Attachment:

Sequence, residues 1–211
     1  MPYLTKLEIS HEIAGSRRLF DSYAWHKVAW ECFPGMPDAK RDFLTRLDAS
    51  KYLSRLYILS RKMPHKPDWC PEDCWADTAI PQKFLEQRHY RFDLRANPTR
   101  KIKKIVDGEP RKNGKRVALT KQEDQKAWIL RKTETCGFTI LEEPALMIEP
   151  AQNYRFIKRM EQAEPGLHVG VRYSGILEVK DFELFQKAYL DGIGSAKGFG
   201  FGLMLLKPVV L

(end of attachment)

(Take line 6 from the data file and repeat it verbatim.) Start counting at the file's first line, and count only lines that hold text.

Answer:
   201  FGLMLLKPVV L